With so many business leaders among his clients, Dr. Pillay also became a certified master executive coach. As an expert in brain-based leadership development and the CEO of NeuroBusiness Group, he has also written Your Brain and Business: The Neuroscience of Great Leaders (FT Press, 2011.)
Srini prepares and delivers top-rated leadership development courses and plenaries for clients such as: Novartis, Lockheed Martin, Willis Group, Prudential, Pfizer, Fortune 500 Food/Beverage Companies, and some of the largest Fortune 100 consulting firms. He has also trained leaders at The MITRE Corporation, The Department of Defense and The Institute for Law Enforcement with great acclaim. When the UN, World Bank and the International Monetary Fund seek to empower their leaders, they call Srini Pillay. He speaks and teaches throughout the US, Canada, London, Paris, Switzerland, India, Greece and Brazil. Being an internationally recognized expert in applied brain science and human behavior, he addresses both specialists and general audiences on these topics throughout the world. In 2016, Srini was invited by McKinsey & Company to join their new “Consortium for Adult Learning and Development” and also is one of the advisors on a new “think tank” exploring the benefits of mindfulness in business. Srini teaches in Executive Education at Harvard Business School and Duke Corporate Education.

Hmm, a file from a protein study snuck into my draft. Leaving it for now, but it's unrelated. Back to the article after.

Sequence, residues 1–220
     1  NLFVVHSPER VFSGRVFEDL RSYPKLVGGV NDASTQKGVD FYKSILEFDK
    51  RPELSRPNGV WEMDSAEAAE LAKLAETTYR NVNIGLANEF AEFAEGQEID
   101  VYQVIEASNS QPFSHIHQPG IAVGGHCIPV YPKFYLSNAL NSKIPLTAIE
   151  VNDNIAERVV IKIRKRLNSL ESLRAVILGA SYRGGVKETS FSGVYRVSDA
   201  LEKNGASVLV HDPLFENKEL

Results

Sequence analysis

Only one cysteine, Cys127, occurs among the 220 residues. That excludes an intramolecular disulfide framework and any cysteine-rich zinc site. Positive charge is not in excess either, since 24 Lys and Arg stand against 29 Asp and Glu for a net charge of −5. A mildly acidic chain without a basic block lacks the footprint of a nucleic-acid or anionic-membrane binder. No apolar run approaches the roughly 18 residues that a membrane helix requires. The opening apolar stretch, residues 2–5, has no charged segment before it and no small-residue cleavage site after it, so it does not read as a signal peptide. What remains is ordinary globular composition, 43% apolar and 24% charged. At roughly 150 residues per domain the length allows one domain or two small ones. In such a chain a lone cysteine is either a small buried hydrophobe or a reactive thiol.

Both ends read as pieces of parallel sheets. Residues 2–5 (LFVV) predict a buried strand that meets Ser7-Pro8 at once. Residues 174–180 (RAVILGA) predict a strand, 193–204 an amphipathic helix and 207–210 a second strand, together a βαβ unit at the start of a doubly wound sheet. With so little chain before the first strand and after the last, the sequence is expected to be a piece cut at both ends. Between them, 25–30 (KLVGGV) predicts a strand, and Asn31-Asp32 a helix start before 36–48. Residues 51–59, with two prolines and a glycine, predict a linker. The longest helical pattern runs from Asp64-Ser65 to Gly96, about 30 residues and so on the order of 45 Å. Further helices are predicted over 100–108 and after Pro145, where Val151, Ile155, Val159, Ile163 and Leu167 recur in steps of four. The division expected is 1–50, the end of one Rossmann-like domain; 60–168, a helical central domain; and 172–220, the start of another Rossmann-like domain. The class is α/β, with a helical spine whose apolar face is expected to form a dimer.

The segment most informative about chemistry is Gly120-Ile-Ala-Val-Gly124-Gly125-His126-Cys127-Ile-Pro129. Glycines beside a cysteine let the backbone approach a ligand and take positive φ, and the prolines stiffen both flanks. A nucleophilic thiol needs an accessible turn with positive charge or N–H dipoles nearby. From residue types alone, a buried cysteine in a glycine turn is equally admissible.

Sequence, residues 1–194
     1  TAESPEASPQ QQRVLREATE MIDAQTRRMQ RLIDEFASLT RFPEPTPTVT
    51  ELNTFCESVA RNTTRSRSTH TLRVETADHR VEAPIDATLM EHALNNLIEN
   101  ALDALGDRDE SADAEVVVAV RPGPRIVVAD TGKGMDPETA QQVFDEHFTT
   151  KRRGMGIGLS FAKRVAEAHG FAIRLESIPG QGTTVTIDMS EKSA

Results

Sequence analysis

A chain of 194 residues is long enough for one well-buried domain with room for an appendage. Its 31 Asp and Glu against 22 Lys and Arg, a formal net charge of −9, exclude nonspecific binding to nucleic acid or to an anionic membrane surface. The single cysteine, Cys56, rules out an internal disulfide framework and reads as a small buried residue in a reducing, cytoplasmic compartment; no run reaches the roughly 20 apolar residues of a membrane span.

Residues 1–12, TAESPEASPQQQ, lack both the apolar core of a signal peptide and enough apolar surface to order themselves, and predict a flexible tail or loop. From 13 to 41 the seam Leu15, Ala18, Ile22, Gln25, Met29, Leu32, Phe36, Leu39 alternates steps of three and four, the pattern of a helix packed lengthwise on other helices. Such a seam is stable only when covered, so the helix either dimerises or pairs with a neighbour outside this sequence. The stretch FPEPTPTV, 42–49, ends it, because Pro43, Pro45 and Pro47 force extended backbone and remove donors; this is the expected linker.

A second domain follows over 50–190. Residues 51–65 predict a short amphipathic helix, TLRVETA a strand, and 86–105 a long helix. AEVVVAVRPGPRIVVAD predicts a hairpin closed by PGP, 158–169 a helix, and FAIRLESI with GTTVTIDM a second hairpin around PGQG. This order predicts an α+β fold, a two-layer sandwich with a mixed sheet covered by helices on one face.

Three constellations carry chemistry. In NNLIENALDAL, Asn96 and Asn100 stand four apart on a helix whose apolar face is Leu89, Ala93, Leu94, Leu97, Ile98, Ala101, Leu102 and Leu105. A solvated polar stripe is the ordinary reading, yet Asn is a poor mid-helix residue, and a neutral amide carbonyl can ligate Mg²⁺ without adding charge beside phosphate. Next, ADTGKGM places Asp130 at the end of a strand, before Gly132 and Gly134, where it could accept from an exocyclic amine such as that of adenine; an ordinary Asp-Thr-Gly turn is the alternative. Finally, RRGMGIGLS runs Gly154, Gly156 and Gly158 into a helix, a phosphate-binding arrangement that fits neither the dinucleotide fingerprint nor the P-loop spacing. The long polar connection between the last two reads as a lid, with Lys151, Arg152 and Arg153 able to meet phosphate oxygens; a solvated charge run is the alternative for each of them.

He has been an expert guest for CNN, Fox, NPR, The New York Times, Washington Post, Huffington Post, Harvard Business School, Cosmopolitan, Elle, Forbes, Fortune, Business Insider and many other news outlets in a variety of media and is known as a highly entertaining guest.
His upcoming book, Tinker, Dabble, Doodle, Try: Unlock the Power of an Unfocused Mind explains how you can harness your mind’s innate tendency to wander, stall, rest, and unfocus and become more productive—in the boardroom, living room, or classroom. It will be published by Random House (Ballantine) in 2017.
With “renaissance man” bona fides, Srini is an unabashed “dabbler,” a polymath, an accomplished musician, award-winning poet and gourmand who frequently exports insights from neuroscience to other art forms—such as a new program that will combine neuroscience and music for use in corporate development.
My go-to expert on fear, grief, and anxiety. Top-of-his-class credentials. A ‘movie-star’ personality who brings a creative spark to every topic.
Our ‘Neuro-Doc Rock Star.’ A mad scientist complete with a crazy haircut who gets a huge response from our audiences. You understand from the first minute—this guy is brilliant!
Dr. Srini Pillay continues to have a major positive influence in my life. Just watching his Ted Talk, "Wired for Success: The Science of Possibility" alone inspired me to make a change. He taught me to connect with my intention and vividly imagine my life and my future to become the hero of my own story.
Dr. Pillay has presented the Brain Science materials in such an encouraging and exciting way! I know as I continue taking the personal "Actions," my new directions will bear much fruit!
Easily the smartest guy I’ve ever met. We know what we should be doing. Srini helps us see why we’re not doing it—and how to change that.